Amazon has extended its lead in customer satisfaction rankings over Netflix and other US ecommerce groups, as winners and losers begin to emerge from a generally strong holiday season for online retailers.
A poll of 8,500 consumers for Foresee, a customer satisfaction consultancy, found that Amazon scored 88 out of 100 on its index, a two-point advance to the highest score of any retailer in the seven years since the survey began.
Netflix, by contrast, dropped seven points to 79 after a bruising year in which a 60 per cent price rise and an abortive attempt to split its DVD rental business from its online streaming service lost it more than 1m subscribers and left its shares down more than 60 per cent from the end of 2010.
"Netflix totally misread its customer base and is paying the price, damaging its brand among both consumers and investors," said Larry Freed, ForeSee's chief executive. "Customer satisfaction is predictive, which means that Netflix's financial woes may be just beginning," he added: "If satisfaction drops significantly, a revenue drop is likely to follow."
Shares in Netflix were down $2.27 or 3.1 per cent at $70.35 in lunchtime trading on Tuesday, while Amazon shares slipped 60 cents or 0.3 per cent to $176.68.
The two companies, which for several years enjoyed similarly high customer service scores, are coming into more direct competition as Amazon builds up digital media streaming services to supply content to its Kindle devices and to compensate for declining sales of the physical books, CDs and DVDs on which Jeff Bezos first began to build the business.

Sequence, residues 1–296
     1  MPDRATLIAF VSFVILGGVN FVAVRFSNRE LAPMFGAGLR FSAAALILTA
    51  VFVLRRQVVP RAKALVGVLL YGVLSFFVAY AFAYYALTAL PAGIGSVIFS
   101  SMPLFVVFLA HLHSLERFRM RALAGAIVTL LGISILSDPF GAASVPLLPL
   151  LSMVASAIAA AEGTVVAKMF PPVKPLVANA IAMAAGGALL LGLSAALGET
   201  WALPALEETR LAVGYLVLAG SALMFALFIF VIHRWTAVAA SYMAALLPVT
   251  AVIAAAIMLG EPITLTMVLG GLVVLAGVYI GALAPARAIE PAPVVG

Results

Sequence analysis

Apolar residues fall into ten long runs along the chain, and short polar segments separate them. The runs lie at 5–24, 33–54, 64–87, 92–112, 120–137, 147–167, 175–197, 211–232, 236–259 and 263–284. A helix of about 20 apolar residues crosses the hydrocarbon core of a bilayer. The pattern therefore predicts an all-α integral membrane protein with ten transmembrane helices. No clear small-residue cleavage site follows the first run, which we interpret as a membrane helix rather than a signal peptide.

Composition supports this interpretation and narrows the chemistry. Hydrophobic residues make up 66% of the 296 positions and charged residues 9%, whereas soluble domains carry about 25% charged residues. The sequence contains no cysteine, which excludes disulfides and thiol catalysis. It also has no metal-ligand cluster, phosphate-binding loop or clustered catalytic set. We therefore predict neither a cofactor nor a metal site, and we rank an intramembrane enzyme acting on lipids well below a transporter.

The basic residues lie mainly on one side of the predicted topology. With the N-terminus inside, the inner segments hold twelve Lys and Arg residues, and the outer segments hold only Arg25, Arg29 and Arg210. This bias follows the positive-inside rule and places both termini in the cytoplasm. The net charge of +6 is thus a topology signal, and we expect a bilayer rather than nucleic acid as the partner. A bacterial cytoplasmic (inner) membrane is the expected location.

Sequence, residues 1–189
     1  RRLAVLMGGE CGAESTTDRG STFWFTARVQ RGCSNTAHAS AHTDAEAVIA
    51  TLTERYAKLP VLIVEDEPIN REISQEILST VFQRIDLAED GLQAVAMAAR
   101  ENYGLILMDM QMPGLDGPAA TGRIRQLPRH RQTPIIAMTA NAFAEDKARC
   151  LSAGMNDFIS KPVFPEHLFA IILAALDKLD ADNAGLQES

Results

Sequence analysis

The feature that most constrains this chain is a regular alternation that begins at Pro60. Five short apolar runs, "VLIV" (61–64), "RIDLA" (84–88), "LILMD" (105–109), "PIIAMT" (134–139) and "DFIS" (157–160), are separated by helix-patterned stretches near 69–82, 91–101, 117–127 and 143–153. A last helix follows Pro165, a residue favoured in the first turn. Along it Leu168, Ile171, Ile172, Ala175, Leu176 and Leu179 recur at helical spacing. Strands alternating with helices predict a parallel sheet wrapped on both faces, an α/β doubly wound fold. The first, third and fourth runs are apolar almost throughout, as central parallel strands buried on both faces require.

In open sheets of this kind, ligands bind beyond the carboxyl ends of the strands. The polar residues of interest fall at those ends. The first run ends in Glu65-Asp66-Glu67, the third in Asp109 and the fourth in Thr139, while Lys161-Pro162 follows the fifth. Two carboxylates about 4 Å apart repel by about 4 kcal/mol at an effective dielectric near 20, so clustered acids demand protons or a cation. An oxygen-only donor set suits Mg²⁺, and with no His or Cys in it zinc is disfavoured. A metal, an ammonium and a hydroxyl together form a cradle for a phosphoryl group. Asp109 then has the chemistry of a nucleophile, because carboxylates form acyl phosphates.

ForeSee's study found that Gap's clothing site and Overstock.com, which sells discounted merchandise, suffered declines of six points and five points respectively in the customer satisfaction rankings. JC Penney, under the new leadership of former Apple executive Ron Johnson, recorded one of the biggest gains, up six points to 83.
The survey found that US online shoppers are less price sensitive than in past years, with consumers citing price as their top priority for just one of the top 40 sites it measured. Instead, the range and quality of merchandise was cited as the priority by shoppers at 25 sites.
Analysts expect another year of strong growth for e-commerce sites. The National Retail Federation reported that US consumers intended to spend about 36 per cent of their holiday budgets online, up from 32.7 per cent a year ago.
IBM has predicted 9.5-10 per cent growth in December online sales, and said Christmas Day sales rose 16.5 per cent year on year, while early estimates from ComScore pointed to a 15 per cent advance over 2010 and a Shop.org survey found that 68 per cent of retailers expected at least 15 per cent growth in holiday season online sales year-on-year.
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